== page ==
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What do you know about Tweetle Beetles? (Anything from Fox in Socks). –  GEdgar Aug 24 '11 at 0:44
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This is one that is hard to say quick:

Red Robin, the red river rat, ran right round the the rabbit's rickety rocking chair, and rubbed his rosy, rusty, red rump on the rumpled red rug.

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Unique New York

Is a favorite of mine.

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I've always liked this (juvenile) one, from the Steve Martin film "The Jerk":

I slit the sheet;
The sheet I slit.
Upon the slitted sheet I sit.

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Contiguous mnemonic anomalies. We had to be able to say this 10 times rapidly to graduate from my GIS class.

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What is a GIS class? –  Marthaª Feb 9 '11 at 15:24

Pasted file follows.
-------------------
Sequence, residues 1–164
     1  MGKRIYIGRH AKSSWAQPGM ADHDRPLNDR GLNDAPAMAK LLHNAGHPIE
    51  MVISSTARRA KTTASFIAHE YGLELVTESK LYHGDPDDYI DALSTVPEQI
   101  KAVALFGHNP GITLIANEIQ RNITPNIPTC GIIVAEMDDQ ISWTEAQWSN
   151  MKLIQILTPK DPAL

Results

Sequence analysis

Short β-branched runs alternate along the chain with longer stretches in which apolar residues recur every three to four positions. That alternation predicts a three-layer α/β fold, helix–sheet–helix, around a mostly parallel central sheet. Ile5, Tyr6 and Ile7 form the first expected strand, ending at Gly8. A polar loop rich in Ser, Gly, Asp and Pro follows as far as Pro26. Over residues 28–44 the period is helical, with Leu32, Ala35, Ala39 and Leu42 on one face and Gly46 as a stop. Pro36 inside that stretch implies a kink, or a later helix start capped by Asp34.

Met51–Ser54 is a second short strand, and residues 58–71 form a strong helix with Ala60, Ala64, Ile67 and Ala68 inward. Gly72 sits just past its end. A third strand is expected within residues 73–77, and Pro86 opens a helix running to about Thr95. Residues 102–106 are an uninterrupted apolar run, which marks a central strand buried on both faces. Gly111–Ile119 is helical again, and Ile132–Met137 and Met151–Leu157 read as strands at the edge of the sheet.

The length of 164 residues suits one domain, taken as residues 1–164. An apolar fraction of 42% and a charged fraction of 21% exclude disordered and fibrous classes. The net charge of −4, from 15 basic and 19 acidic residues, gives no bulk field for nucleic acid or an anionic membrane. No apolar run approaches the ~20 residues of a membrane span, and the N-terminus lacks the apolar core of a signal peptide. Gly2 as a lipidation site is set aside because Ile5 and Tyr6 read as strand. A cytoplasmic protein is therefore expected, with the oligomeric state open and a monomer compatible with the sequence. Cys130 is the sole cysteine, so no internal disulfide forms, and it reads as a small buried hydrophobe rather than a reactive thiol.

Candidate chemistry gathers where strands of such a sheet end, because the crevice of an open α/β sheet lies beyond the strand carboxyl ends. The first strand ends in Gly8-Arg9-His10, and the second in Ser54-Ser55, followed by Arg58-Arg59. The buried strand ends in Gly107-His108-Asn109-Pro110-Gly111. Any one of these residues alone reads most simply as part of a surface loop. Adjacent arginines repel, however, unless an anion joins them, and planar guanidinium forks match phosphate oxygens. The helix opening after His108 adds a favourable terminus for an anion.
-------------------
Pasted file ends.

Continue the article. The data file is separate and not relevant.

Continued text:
@martha - Geographic Information Systems. And we didn't really, we just joked that we had to... –  mickeyf May 24 '11 at 19:03
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A cycle rally is different from lorry rally.

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One of my personal favorites:

Fuzzy Wuzzy was a bear. Fuzzy Wuzzy had no hair. Fuzzy Wuzzy wasn't fuzzy, was he?

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One of my favorites: "blue-black bug's blood."

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More of a 'bum-twister' really, and definitely beneath me, but I always liked

What about a water bottle, Wibble?

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I always like the old Wood Chuck. I am surprised that nobody said anything about it yet.

How much wood would a woodchuck chuck If a woodchuck could chuck wood? He would chuck, he would, as much as he could, And chuck as much as a woodchuck would If a woodchuck could chuck wood.